In simpler terms, let’s say you have a Null Hypothesis to find out Oranges among fruits. The H0 states that every fruit that is round and is orange-colored is an Orange. You run your tests and find that some fruits have been incorrectly classified as Oranges. Let’s say around 30 out of 100. It looks like your Hypothesis was surely incorrect but what if only 5 were misinterpreted. You need to define that threshold when you decide that your Hypothesis was incorrect. That threshold is your Significance level, and it is called α.
So, you have your Significance level. Now, what is the P-value? It is the probability of the mistake actually happening. Let us say you find out that according to your Hypothesis, you pick up a fruit that fits the bill, and it turns out it is not an orange (it is a tangerine). The probability that you will make this mistake is your P-value (calculated using the 30 fails out of 100 in the previous example).
To know if your Hypothesis passed or failed, you compare your alpha and P-value and find out if your Null Hypothesis has what it takes to make it in the world. But what if your test was incorrect? When you run the test again, you find out that instead of 30, 70 fruits were identified incorrectly, and when you run it the next time, it was found that only 10 were incorrect. That is where Confidence Interval comes in. It is the measure that if you run the test again, the result will be around the same.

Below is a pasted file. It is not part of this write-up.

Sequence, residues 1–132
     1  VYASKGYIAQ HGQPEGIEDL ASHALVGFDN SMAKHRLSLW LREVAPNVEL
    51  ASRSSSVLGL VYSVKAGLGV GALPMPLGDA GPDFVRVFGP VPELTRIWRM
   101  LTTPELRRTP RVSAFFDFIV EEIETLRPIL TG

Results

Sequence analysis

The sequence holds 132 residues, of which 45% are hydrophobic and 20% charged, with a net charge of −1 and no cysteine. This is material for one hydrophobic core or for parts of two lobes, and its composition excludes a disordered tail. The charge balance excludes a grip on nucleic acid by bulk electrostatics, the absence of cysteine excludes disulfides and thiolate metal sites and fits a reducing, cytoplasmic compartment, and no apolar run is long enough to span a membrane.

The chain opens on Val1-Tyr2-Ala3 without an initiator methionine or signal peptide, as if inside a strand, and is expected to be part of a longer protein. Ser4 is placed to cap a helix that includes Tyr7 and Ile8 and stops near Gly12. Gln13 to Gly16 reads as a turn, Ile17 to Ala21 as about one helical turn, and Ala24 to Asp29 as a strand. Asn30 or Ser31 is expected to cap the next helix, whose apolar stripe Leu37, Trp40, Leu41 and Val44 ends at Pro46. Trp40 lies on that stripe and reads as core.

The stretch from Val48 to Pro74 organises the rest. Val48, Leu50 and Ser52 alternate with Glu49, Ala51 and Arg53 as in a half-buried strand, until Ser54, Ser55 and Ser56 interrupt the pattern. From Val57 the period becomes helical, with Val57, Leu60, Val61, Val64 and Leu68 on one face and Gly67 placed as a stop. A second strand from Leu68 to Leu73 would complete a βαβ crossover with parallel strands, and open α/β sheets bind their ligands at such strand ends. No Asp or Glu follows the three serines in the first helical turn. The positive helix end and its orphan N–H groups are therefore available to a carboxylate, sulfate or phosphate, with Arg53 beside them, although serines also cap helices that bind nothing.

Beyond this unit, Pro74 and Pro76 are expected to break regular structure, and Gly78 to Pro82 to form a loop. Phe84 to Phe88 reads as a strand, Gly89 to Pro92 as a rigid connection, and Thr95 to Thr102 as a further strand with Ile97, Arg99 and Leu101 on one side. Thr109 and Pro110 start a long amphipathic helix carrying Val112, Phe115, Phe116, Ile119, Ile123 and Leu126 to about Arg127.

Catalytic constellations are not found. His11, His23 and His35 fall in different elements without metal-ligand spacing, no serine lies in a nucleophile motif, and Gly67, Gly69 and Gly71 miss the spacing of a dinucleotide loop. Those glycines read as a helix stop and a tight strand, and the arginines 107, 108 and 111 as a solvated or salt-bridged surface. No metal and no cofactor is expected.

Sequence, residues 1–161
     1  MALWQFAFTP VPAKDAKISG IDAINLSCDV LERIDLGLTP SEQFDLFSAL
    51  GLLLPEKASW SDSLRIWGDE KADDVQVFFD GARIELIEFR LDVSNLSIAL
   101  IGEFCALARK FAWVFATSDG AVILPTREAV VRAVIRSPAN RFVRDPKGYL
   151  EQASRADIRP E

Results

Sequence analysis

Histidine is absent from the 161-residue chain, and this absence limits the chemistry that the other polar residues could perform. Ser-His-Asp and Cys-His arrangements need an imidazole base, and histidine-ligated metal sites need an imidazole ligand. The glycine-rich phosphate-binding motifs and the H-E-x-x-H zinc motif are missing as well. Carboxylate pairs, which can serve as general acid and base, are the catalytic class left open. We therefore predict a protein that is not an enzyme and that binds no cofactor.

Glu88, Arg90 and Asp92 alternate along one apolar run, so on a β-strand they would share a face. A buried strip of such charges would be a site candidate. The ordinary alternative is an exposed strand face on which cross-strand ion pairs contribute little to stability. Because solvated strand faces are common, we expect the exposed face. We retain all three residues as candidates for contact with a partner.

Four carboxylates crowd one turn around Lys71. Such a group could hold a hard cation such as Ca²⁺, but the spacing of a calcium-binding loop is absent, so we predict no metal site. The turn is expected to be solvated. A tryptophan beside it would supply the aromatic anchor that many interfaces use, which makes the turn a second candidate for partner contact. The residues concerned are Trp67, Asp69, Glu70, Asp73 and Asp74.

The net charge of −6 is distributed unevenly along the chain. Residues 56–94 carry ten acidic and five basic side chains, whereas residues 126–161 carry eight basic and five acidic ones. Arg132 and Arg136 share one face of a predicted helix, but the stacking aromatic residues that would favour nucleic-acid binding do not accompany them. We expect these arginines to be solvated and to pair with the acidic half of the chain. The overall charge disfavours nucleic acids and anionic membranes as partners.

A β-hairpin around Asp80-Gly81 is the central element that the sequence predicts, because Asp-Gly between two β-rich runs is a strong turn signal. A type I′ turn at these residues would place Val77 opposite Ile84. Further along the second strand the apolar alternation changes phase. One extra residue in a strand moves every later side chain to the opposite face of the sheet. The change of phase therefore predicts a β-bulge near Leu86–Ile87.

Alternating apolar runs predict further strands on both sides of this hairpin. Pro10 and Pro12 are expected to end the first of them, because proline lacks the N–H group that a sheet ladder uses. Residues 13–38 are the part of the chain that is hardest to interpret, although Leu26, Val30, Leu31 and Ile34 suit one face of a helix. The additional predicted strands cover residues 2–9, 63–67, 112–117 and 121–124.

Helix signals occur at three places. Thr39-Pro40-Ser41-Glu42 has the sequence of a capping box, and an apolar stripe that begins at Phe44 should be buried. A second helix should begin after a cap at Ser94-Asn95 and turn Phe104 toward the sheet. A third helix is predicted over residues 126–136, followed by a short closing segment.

This ambiguity for Oranges occurred as you did not run the test on all available fruits around the globe but a sample of it (Let us say all fruits in France). If you ever test all the fruits, you would be 100% correct and the owner of a very expensive test. To save time, effort, and money- we take only a sample and run the tests on them. All we need from our end is to make sure that the sample size (count of samples) is enough so that the output of the test is nearly the same. The amount of faith that we have in the output will be the same is called Confidence Interval. A larger Confidence Interval means that you need to take a bigger sample.
That is most of what Hypothesis Testing is. You establish a Hypothesis. Run test on the sample. Compare the result to what you were expecting and find out if you were correct. The rest of it is just inserting values in a preset mathematical formula (Which you don’t have to write yourself or even calculate). It is never as hard as it sounds when it comes to Statistics in Data Science.
Remember to practice more on this at a place focused on Data Science. Cause you don’t need to know more than what you will use as a Data Scientist, or at least to sound smart.